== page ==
EMPOWERING WOMEN IN TANZANIA
Your complete source on everything Maisha! Our goal is to make all materials on a programme easily accessible in one place. If you are aware of additional resources, please contact us.
Maisha (‘life’ in Kiswahili) is a social empowerment programme designed to reduce women’s experiences of intimate partner violence (IPV) and increase gender equality in relationships. The programme encourages reflection and debate on gender norms, builds relationship and economic skills, and empowers women to safely challenge violence and improve their relationships and individual well-being.
The programme consists of a 10-session participatory training curriculum, led by two trained female facilitators and delivered to participants of established microfinance loan groups. It is coordinated by BRAC Tanzania, a microfinance nongovernmental organisation. Each group consists of roughly 20 women.
In a cluster randomised controlled trial, women in microfinance loan groups were assigned to either the 10-session Maisha intervention or a control group. The trial showed that over a two-year period, Maisha reduced reported past-year physical and/or sexual IPV among participating women by roughly 25 percent. The effect was largely driven by impacts on physical IPV. The programme also reduced attitudes tolerating violence and beliefs that partner violence is a private matter.
Maisha was implemented by the STRIVE consortium and coordinated by the Mwanza Intervention Trials Unit, the Tanzania National Institute for Medical Research, and the London School of Hygiene & Tropical Medicine. The programme was funded by the UK Department for International Development. If you want to adapt the programme, we strongly recommend that you contact one of the programme’s sponsoring agencies first.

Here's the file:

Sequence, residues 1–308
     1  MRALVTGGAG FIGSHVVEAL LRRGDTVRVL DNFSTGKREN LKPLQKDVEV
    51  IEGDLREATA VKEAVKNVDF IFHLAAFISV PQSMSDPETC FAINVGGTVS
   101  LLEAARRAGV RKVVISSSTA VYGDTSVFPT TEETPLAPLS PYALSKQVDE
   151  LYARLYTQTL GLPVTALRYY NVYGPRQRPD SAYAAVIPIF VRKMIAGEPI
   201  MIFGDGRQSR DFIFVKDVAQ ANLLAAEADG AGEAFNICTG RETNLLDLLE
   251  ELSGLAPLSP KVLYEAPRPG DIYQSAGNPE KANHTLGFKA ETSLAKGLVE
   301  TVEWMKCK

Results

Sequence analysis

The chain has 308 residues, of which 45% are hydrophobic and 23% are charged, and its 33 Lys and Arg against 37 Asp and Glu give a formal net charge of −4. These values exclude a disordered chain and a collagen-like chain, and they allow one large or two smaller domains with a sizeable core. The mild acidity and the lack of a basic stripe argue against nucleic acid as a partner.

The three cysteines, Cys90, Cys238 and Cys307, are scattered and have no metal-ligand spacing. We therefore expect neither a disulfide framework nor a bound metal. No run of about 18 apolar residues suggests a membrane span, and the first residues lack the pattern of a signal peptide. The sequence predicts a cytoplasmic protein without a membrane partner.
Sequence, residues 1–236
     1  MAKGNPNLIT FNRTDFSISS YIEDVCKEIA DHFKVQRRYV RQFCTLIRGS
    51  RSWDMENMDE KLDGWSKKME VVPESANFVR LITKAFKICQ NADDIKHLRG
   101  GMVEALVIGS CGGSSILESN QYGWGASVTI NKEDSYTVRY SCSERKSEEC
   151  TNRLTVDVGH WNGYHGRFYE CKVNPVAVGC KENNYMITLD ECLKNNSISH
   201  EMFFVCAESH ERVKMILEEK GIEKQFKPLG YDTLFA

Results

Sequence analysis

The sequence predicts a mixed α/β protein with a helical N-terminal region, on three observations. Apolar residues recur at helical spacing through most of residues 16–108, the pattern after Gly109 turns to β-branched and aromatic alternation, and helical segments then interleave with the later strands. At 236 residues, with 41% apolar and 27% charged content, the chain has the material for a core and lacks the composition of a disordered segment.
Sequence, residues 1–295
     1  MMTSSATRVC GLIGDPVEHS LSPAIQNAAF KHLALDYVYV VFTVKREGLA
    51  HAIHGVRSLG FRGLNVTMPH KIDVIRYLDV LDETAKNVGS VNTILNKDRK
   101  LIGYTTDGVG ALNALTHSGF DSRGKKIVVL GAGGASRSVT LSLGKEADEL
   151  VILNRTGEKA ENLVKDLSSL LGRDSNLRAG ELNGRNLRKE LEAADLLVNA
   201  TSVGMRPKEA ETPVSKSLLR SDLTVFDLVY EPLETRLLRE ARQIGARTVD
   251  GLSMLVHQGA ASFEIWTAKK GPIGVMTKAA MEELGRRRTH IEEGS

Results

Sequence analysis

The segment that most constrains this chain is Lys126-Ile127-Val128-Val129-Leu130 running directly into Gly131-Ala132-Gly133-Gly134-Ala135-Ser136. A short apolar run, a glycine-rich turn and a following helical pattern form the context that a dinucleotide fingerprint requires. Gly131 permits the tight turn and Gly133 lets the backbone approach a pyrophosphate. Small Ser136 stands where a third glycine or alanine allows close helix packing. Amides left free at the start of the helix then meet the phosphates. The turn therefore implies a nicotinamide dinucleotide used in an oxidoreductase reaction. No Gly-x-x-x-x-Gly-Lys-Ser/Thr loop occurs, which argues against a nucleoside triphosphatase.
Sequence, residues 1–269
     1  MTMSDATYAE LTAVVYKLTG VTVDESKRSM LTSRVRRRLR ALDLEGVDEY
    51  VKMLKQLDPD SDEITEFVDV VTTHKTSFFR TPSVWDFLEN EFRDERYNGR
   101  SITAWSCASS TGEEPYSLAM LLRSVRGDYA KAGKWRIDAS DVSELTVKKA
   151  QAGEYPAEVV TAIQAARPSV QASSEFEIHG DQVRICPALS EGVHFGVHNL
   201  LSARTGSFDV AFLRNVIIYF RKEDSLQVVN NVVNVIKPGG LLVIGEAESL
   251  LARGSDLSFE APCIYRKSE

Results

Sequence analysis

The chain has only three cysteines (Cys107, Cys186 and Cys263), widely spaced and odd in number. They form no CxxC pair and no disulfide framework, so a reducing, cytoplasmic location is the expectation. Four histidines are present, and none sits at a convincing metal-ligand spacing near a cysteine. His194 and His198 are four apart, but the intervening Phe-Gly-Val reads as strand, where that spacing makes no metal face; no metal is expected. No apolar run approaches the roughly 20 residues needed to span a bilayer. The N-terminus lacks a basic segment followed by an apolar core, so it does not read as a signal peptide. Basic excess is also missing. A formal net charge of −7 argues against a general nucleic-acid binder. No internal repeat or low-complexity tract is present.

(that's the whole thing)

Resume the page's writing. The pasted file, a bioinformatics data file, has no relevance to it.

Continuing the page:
- Adding a social empowerment intervention to an existing microfinance programme could lead to greater decreases in physical IPV beyond those from microfinance alone.
- A lack of content explicitly on sexuality and on norms of male sexual entitlement in marriage may have limited the programme’s impact on sexual IPV.
- Impacts were stronger among women who participated in seven or more Maisha sessions, emphasising the importance of consistent, high exposure.
- Original plans to deliver a similar curriculum to men were abandoned when it proved impossible to recruit and retain men during the pilot.
- Dynamics of loan groups—including delays, disagreements, and anxieties around repayment—must be managed or they can undermine participation in the gender sessions.
“I LEARNED HOW TO LIVE WITH MY PARTNER IN A GOOD RELATIONSHIP AND THAT IS WHY I TELL YOU THAT THOSE TRAININGS HELPED ME A LOT…I LEARNED THE LANGUAGE TO USE WITH MY HUSBAND, HOW TO LIVE WITH HIM IN THE MARRIAGE, HOW WE SHOULD ADVISE EACH OTHER ON HOW BETTER WE COULD LIVE WITH OUR FAMILY.”
FEMALE PARTICIPANT, AGED 27, KIRUMBA